Iceland, that island country in the North Atlantic near the Arctic Circle, has long been a pioneer in the battle against global warming. Think "ice," "rising temps," and "melting" and you get the picture. Paige Diamond, 16 and a junior at Morristown High School's Health and Medical Science Academy, spent a chunk of her summer 2007 break putting her love for science to the test--during a trip to Iceland. In a personal essay, Paige shares with njnextstop.org how she found her groove atop a glacier:
Science has always brought pleasure to my life because of the challenges it presents. Science is a field that offers diverse opportunities, which generate continued learning throughout life.
As a student at Morristown High School, I am part of a unique science academy. The program has allowed me to focus and dedicate my course of study in the sciences, and to consider a future career as a medical scientist. This type of dream career would enable me to find medical cures, travel the world and give back to a community that has already given me so much.
This July, I got an amazing glimpse at the great places science can take me. I joined an expedition team that flew to Iceland to conduct a research investigation written by my science teacher, Erin Colfax. Throughout the entire school year, my teacher and I researched, planned and prepared for what would be, for me, the expedition of a lifetime. Once in Iceland, we collaborated with fellow investigators who were part of a tour of Southern Iceland. On our 10-day trek, we recorded meteorological and sensory data that will ultimately be used by some of my fellow students at Morristown High School to write scientific poetry.
Our research in Iceland was thrilling. We started out in Reykjavik, the country's capital, for the first two days and then moved along the south coast to Kirkjubaejarklaustur, and Skalholt, and then finished back in Reykjavik. While traveling around Iceland, our team used different instruments to collect meteorological data. We wore HOBO pendants around our necks to automatically collect light and air temperature data every hour. We also carried Onset sensors to collect data on barometric pressure, relative humidity, temperature and dew point.
Collecting sensory data (i.e., taste, smell, sight, sound and touch) was a little more challenging. Our team always carried sample collection bags around in order to easily gather and save different tactiles and smells. Many investigators also carried tape recorders to capture sounds unique to Iceland. We sampled the sense of taste by bringing home packaged foods purchased in Icelandic grocery stores, and we shot many pictures to help document our memories of the expedition. While data collection was our mission, we also had a chance to explore Iceland's amazing landscape. We saw many beautiful waterfalls, hot springs and geysers. Our team took hikes around Iceland's National Parks, and even got to hike on top of a glacier. We went whitewater rafting, whale watching and horseback riding with Icelandic horses.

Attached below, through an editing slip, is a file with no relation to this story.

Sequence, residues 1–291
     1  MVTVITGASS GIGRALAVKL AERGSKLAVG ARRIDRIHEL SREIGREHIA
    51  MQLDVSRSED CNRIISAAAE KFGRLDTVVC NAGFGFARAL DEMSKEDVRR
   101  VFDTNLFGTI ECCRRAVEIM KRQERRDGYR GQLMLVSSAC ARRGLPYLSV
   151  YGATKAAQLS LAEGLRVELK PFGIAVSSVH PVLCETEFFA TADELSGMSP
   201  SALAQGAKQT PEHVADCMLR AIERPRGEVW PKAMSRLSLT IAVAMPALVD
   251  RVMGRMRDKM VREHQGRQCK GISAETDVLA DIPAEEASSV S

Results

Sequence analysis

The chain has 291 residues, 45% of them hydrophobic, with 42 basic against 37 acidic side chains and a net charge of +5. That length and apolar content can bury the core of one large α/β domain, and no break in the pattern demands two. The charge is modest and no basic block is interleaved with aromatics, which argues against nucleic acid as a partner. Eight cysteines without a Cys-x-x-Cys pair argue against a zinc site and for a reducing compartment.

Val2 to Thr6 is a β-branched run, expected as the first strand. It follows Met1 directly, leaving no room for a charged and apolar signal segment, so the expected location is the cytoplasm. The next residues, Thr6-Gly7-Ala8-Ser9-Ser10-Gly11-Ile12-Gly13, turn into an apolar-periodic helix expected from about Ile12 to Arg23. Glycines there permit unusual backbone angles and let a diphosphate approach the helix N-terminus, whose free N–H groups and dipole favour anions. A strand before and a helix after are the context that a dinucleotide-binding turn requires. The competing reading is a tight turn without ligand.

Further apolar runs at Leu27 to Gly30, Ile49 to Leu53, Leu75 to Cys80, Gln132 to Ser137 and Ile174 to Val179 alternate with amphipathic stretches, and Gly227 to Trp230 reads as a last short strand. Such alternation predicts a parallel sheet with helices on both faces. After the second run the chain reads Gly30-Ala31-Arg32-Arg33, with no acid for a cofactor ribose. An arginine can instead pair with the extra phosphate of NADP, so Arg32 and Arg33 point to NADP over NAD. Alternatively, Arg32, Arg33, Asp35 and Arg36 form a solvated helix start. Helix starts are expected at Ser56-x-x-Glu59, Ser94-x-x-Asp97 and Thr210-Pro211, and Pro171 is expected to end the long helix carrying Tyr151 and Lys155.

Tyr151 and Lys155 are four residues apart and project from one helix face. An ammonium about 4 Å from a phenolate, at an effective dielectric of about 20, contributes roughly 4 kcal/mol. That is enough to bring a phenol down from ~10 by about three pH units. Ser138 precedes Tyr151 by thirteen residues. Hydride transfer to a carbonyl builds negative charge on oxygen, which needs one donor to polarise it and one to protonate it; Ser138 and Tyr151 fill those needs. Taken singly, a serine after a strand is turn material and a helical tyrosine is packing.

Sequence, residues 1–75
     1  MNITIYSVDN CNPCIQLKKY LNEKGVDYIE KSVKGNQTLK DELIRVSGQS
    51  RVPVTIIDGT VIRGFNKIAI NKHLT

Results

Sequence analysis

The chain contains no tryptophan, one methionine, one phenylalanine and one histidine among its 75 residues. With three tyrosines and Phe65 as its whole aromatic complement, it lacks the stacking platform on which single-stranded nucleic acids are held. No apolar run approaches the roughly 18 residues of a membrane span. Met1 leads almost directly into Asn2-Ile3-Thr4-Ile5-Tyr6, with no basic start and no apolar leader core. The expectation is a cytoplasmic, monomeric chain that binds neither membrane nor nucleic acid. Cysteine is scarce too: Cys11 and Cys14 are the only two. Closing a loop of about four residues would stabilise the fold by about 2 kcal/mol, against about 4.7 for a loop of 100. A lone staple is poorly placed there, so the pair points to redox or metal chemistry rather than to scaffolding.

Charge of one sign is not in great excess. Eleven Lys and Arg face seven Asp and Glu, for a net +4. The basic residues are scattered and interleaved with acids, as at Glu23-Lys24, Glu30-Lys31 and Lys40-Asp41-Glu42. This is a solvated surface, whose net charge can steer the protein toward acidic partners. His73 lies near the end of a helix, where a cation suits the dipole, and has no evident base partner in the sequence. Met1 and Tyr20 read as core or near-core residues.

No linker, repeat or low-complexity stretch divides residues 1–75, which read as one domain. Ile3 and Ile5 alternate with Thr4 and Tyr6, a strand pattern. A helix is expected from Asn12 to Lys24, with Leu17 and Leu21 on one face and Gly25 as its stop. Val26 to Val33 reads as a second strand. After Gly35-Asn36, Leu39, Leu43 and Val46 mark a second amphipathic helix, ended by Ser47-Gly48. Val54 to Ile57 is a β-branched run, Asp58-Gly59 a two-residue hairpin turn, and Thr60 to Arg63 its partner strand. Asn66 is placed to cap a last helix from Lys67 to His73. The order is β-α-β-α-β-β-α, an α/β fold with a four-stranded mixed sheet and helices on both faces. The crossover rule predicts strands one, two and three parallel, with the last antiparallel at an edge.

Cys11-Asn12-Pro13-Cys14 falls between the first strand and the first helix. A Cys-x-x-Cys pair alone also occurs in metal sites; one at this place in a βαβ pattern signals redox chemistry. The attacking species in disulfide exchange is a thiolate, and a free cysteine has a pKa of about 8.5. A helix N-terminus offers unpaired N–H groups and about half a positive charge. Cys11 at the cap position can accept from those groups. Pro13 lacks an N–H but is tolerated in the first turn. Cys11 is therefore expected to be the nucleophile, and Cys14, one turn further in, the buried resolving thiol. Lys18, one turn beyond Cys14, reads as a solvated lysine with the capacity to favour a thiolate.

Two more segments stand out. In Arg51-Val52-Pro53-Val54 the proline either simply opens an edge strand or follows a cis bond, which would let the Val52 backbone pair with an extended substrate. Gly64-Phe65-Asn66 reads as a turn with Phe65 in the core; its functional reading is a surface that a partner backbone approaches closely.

Now for a little science lesson. Iceland is blessed with a number of unique environmental qualities. The country is located directly over a hot spot and is split in half by the convergence of two continental plates, the North American plate and the Eurasian plate. Every year the country grows at an average of three to four centimeters as the plates move further and further apart. Iceland is home to possibly the world's greatest hot spring and many varieties of geysers and pools that are heated geothermally, or by the natural heat of the earth. Geothermal power plants pump underground water throughout the entire country providing its residents with all their necessary energy, hot water and electricity.
My expedition to Iceland was very simply a dream come true--and it has helped convince me even more of the direction my life should take after high school. Exposure is the key to finding your passion. Being so young and experiencing so much has given me a chance to find my groove in life. I can clearly envision where I want to be in 5, 10, 50 years. I have set life goals to make my dreams a reality and to continue to develop my passions, which include science, athletics and the arts.
But for now, it is my duty to complete the work I started in Iceland and prepare myself for a challenging year of further research, analysis and presentation. I can't wait to share what I've learned with everyone.